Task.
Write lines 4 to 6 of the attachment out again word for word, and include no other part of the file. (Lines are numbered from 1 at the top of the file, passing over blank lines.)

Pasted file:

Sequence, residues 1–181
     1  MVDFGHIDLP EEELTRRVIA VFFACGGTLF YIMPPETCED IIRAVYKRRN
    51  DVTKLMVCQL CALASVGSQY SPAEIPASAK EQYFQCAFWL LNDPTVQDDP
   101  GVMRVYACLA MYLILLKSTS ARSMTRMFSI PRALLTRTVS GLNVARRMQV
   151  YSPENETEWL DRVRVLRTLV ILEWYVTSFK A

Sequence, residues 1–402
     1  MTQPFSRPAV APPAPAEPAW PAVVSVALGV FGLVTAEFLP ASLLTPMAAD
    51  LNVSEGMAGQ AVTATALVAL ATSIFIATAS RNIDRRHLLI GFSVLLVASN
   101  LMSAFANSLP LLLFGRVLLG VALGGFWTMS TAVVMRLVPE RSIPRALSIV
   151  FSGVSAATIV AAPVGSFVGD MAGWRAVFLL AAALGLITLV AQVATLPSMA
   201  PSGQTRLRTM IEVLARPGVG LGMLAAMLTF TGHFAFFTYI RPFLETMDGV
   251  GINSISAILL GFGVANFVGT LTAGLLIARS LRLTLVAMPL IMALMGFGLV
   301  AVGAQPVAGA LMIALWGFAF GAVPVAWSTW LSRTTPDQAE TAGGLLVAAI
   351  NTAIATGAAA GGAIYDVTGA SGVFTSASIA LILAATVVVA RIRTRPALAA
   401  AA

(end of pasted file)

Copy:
   101  GVMRVYACLA MYLILLKSTS ARSMTRMFSI PRALLTRTVS GLNVARRMQV
   151  YSPENETEWL DRVRVLRTLV ILEWYVTSFK A

Sequence, residues 1–402